LIMA (Reuters) - Peru’s Congress approved a law on Tuesday that allows citizens to partially draw down their contributions to the state pension fund, a few months after doing the same with the private system and despite fierce opposition from the government.
With 106 votes in favor, three against and 15 abstentions, the fractured, opposition-dominated chamber gave the go-ahead for Social Security Office (ONP) affiliates to withdraw up to $4,300 ($1,200) to mitigate the financial impact of the coronavirus pandemic.
The law will now pass to President Martin Vizcarra to enact or revise, but government has already warned it will appeal to the country`s constitutional court to tear it up.
Presidency sources say the measure could cost the government coffers up to 13.280 billion soles ($3.7 billion dollars), at a time when the copper-producing nation is facing its worst economic decline in a century.
Last week, lawmakers rejected an alternative government proposal for a lower payout for ONP affiliates.
Several countries in the region have sought to tap private and publicly held pension funds amid economic hardship. In Chile, a move to release 10% of the country’s privately held funds was staunchly opposed by government but has provided the floundering economy with a brief injection of liquidity.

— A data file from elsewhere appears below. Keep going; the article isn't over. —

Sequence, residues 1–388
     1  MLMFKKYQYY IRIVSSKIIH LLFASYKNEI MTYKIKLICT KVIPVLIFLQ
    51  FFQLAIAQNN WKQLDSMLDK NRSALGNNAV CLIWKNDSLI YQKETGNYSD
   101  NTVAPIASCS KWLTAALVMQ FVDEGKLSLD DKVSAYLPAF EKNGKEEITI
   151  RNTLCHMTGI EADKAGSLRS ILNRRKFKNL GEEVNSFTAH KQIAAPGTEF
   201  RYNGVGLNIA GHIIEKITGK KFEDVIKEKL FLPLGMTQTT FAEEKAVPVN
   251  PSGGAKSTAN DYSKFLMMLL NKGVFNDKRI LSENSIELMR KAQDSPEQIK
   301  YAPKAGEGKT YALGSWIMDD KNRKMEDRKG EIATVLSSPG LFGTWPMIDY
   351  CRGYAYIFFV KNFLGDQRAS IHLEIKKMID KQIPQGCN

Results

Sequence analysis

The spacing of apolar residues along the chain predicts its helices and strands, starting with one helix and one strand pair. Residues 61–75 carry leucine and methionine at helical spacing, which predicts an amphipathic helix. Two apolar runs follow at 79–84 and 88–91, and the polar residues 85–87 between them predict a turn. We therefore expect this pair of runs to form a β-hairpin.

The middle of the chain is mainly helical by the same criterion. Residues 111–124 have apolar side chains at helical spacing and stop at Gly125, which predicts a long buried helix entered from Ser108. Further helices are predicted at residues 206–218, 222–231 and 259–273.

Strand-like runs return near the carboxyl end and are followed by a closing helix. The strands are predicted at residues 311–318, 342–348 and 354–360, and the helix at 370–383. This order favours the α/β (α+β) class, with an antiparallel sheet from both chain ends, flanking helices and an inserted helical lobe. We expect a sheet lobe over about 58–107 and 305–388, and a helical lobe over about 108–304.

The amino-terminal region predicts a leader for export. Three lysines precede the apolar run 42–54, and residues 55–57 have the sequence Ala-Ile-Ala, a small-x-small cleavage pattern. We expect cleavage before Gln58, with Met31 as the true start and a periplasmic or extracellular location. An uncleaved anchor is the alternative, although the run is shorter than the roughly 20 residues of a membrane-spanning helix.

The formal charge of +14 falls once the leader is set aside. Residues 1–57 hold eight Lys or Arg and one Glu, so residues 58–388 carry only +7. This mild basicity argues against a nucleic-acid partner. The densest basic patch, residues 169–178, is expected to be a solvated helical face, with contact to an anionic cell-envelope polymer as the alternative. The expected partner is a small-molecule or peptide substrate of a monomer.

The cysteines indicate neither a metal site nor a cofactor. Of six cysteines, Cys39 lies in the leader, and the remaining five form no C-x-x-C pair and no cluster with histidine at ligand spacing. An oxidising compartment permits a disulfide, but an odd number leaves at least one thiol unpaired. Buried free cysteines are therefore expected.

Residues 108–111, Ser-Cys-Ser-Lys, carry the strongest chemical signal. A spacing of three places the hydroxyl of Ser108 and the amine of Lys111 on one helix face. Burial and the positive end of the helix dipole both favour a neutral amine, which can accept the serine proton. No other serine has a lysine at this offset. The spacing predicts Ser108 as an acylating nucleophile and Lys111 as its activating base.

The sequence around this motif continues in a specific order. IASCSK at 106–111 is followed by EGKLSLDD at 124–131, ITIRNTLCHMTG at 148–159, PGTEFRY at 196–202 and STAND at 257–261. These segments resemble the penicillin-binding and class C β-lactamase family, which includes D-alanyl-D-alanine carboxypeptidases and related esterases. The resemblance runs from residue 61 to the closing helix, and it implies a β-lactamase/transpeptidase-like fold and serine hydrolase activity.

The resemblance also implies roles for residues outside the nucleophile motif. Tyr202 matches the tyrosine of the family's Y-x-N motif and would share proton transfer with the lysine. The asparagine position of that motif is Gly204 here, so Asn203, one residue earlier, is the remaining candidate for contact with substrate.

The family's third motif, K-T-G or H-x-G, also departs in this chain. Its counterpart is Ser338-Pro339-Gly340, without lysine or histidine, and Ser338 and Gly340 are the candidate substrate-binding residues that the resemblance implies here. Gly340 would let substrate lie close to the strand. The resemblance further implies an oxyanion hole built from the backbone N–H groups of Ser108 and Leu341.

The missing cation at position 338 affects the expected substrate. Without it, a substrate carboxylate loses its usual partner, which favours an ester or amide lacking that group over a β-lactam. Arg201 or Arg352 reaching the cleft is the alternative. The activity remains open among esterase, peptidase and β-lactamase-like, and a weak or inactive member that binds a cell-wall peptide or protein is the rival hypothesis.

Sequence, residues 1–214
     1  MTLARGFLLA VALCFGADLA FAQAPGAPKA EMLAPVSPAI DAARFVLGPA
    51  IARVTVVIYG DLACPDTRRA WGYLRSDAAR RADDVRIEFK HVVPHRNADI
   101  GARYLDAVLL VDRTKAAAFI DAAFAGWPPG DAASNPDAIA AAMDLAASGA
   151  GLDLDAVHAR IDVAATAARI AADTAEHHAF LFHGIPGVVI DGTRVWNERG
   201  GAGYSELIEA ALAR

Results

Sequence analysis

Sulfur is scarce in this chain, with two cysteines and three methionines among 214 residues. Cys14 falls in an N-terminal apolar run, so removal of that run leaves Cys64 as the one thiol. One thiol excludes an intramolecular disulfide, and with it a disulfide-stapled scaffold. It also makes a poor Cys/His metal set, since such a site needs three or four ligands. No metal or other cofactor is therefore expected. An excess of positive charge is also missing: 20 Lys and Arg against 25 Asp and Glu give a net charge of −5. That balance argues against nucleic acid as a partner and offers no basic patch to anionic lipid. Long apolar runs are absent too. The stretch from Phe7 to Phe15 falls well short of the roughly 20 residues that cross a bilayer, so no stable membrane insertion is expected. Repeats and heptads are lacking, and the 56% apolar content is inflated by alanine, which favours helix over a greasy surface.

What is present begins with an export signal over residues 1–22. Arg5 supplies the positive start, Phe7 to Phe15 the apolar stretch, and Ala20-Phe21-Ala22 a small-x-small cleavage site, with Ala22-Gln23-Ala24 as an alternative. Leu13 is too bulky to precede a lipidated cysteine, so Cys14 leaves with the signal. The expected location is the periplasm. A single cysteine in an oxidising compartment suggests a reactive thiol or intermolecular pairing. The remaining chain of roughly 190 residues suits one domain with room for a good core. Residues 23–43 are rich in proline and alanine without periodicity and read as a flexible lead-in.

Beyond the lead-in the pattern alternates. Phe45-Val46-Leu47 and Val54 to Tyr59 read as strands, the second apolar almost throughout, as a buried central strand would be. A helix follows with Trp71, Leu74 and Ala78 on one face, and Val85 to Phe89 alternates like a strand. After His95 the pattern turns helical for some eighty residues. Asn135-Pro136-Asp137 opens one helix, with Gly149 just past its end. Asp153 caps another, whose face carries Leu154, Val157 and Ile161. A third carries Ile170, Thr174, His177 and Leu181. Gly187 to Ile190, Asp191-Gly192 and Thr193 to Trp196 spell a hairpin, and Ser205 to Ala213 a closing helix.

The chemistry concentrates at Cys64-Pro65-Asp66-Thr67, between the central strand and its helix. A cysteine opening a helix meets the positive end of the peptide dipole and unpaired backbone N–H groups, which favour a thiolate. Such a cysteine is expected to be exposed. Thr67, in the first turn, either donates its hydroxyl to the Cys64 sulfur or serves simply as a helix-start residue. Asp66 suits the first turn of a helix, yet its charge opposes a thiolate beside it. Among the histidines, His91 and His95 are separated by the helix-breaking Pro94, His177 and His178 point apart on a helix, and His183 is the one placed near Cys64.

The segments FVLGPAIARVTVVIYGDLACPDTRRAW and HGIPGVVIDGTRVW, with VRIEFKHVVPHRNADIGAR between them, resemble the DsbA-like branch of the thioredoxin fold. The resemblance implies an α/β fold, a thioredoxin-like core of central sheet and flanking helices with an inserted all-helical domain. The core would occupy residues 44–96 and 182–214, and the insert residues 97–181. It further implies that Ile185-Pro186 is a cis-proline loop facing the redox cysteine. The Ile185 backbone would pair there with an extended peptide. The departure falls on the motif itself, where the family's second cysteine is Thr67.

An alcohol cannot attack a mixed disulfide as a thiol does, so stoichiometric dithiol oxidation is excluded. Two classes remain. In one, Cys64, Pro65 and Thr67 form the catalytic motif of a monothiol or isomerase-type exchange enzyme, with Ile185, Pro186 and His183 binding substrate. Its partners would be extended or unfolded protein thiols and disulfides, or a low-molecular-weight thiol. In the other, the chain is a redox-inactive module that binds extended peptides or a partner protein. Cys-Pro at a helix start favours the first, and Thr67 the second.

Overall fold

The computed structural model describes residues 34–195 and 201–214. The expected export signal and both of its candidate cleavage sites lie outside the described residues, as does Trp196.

Peru’s congress approved a law to withdraw up to 25% of private pension funds in April, an initiative that the government also opposed amid warnings it would skew the economy and push up borrowing costs.
Peru’s private system was obligatory for all citizens when it was introduced in 1992, but more recently, Peruvians have been given the choice between joining a state-run pensions system or the private system. At present, the former has 7 million affiliates while the latter has 4.7 million.
Confirmed cases of the novel coronavirus reached 600,043 in Peru on Monday. The country has the second highest number of infections in Latin America, after Brazil, and official data shows the number of deceased at 27,813.
Reporting by Marco Aquino, writing by Aislinn Laing; Editing by Bernadette Baum
Our Standards: The Thomson Reuters Trust Principles.